I will be the absolute first to tell you this: It is NOT cheap, by any means, to build a nice car. No matter what you start with, no matter the cost of the mods or how much you can do yourself… It is never, ever cheap to take a car on as a project.
But there’s hope.
Just because an overall car project won’t be cheap doesn’t mean you have to wait to get started on it. If you’ve decided that building a car is important to you, you can start to make an amazing car. However, it’ll take time… The more money you have available, the less time a drastic transformation will take. Of course, the reverse is true… Less money means more time, just a fact of life.
Quality vs. Cost
Just because it’ll take you a while to get a project done doesn’t mean you shouldn’t start. The reason it takes so long? Quality versus cost. Sure, you can take a Civic and modify it to death on an itty bitty high school student budget. But at what cost? Little money, and horrible parts…. Enter the ricer crowd, where you get all the looks with none of the performance.
Ricers have a hard time admitting something: Quality performance parts cost real money. Why spend $400 on an exhaust, when you can get smoked headlights, altezzas, a cold air intake AND an exhaust for $400?! Then you’ll have a REALLY modified Civic, and not just a project in the initial stages of modification.
I’ll tell you why: If you truly value performance, and want to build a car to gain respect from the best of the car community, you’ll suck it up and pay for the good stuff. I’m not saying that every guy who has a Civic needs to outfit it with Mugen and Spoon parts and nothing else, that’s ridiculous. But at least spend some time looking into the horsepower gains of an exhaust before you just settle on whatever is the cheapest.
And, for the love of all cars, please refrain from making your car sound like a weed-whacker.
You look incredibly stupid when all it takes is five minutes of searching on YouTube to avoid confusion with the lawnmowers of the neighborhood when you drive by. (You can also YouTube video clips of exhausts with various header/catalytic converter/intake combinations to avoid making a good sound go bad.)
Take your time.
I know, it’s not fun. Especially when your timetable gets pushed even further back than you thought it would originally stretch. I assure you, though, that it is so worth the time and effort to do it right. When you know you want something good in the end, don’t waste money just to do something new that you’ll end up having to replace later on…
That’s wasting not only your time, but your money. (I’m assuming you’re younger, here, or just rather broke.) Since time is the more plentiful resource in this case, use it to your advantage. Leverage your time, and don’t waste your money.
Maintenance, then mods.
Of all things, NEVER neglect maintenance items in favor of modifications. That ought to go without saying… But I figured it’s better to say it than to ignore it. Pass over if you already knew this, otherwise take it to heart. Your modified car is no good if something goes drastically wrong because you neglected basic maintenance in order to do something “cool.”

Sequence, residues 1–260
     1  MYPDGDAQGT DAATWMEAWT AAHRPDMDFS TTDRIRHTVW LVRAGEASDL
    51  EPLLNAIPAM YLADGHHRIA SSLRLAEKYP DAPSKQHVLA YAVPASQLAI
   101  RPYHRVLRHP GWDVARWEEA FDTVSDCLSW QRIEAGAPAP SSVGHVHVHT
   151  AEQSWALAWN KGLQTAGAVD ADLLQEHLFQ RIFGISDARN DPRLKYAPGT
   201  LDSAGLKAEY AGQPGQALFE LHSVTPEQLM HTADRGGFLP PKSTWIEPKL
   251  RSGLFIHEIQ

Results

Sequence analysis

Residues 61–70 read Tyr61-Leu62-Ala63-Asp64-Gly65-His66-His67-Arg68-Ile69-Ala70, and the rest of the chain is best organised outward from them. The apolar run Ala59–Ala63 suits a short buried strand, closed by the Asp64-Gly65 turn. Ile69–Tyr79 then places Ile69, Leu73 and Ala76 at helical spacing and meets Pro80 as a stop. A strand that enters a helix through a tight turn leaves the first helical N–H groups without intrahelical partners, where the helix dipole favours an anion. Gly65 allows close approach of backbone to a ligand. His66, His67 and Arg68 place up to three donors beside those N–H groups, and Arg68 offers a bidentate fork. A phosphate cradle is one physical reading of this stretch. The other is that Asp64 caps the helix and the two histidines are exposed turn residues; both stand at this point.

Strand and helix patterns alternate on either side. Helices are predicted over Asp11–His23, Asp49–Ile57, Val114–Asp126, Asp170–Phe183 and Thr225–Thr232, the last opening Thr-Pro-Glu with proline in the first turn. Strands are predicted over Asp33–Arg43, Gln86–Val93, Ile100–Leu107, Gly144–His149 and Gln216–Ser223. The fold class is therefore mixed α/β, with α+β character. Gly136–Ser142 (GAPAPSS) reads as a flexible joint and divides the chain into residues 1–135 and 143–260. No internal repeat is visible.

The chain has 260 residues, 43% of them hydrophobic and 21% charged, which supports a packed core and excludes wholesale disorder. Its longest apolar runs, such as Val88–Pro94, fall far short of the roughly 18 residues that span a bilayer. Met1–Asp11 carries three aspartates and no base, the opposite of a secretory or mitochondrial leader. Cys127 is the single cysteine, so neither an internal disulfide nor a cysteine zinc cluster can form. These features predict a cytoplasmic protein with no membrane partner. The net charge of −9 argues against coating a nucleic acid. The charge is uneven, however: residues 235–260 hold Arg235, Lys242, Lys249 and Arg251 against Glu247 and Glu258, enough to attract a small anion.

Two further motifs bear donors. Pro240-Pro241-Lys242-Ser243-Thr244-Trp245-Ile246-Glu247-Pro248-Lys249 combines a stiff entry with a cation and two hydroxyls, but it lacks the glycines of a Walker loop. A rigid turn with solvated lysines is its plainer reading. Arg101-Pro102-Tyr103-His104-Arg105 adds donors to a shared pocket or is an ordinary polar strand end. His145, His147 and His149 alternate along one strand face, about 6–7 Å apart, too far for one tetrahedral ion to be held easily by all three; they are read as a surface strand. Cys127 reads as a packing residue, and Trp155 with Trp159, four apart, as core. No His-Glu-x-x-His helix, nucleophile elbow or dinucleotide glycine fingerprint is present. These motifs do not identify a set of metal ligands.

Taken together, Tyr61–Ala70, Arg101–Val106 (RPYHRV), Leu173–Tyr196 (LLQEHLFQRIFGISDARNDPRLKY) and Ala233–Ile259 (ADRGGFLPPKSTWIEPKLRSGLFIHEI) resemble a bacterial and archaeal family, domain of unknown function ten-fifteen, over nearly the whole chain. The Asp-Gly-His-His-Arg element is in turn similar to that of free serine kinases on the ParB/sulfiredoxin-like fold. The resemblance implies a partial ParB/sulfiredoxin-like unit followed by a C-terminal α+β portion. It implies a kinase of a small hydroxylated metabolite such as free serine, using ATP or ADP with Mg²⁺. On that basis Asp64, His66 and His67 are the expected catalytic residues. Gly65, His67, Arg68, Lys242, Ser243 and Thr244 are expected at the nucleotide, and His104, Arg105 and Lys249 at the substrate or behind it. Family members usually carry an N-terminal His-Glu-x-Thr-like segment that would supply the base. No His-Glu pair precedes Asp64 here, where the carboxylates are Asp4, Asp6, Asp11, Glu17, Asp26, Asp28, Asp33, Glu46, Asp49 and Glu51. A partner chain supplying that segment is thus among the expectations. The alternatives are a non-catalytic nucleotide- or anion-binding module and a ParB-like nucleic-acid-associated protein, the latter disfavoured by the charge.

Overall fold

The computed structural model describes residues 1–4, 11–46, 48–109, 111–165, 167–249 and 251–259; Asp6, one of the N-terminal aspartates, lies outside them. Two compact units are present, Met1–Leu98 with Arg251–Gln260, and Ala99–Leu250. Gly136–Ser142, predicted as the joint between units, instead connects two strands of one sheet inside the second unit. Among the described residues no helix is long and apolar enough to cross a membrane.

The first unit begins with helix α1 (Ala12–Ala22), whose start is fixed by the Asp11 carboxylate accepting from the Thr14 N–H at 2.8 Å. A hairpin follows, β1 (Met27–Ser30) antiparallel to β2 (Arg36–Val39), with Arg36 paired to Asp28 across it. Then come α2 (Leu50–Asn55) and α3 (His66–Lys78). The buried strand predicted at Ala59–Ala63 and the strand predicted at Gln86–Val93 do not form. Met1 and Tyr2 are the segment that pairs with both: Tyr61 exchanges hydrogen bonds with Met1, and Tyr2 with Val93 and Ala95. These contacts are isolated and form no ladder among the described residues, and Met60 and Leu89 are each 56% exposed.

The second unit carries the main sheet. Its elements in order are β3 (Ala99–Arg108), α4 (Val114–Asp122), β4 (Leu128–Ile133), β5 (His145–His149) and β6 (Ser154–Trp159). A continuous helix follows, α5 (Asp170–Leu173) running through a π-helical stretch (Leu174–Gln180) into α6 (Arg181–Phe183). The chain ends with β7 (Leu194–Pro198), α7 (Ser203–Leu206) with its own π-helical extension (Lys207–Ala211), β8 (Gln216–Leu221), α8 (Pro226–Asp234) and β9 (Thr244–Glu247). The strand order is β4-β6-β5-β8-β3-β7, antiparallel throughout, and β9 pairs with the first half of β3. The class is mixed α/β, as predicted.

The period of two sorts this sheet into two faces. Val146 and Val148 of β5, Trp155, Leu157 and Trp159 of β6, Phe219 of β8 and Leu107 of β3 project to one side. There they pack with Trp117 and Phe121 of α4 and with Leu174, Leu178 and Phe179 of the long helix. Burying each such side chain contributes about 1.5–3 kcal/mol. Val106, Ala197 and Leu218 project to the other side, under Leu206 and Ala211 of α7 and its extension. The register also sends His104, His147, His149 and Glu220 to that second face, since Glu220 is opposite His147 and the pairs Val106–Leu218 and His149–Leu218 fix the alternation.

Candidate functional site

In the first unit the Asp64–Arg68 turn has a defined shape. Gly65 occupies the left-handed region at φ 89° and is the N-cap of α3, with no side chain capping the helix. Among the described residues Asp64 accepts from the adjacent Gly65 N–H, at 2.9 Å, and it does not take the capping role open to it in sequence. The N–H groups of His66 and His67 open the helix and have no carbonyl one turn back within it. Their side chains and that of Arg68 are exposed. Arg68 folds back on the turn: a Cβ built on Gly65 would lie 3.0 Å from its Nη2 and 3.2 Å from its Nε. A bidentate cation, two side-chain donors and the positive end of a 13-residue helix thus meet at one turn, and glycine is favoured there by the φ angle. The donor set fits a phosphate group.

No guilt over it either.
But if you’re like me, money is typically in short supply. And even expected maintenance can cost a bundle… Take my Miata’s brakes, for example. The pads were last changed just over two years ago, and are starting to give me the occasional hint of a strained life. Considering we’re hitting up a track next month, I want some good brakes for the event.
Total bite into the budget: $495, shipped, from Tire Rack. Yeah. Ouch.
Needless to say, it pushes back my high-flow catalytic converter and carbon fiber side mirrors a bit. Since I gave myself until the end of the year to do these two things, though, I can’t really be that upset. (It was all even further pushed back thanks to back-to-back autocrosses in the middle of August. That I somehow remembered, but forgot about the money….)
Research isn’t just for school.
Yup, research again…. Because it’s truly useful. More likely than not, someone has already done what you want to do. It’s not a bad thing, either, because what they learned makes it easier on you!
Research will help you avoid the cheap stuff in favor of the best performance for your dollars, and performance usually only comes from quality.
It’s what I do.
So what makes me qualified to preach all of this? Well, it’s how I’ve built my Miata.
Save for the suspension and wheels, which were my present for living without my husband for four months, I’ve paid for all of the work done to the car.
My total income for 2008? Erm, around $13,000.
Granted, I don’t have to pay for a ton of stuff some people do… But if you have just a tiny bit to devote to your car each month, you can at least get started. Maybe you’ll find out it really isn’t for you.
Or, if you’re like me, you’ll gladly sacrifice in other areas to invest in your car. You’ll end up eating, sleeping and breathing cars… And when you can enjoy cars on a tiny budget, just think of what earning more money could entail.
Final note: I’m not advocating poor financial decisions. As a finance major, I felt compelled to say that. However, I’m a firm believer in spending money on things that make you happy. For me, that’s on my car… No matter how tiny my budget.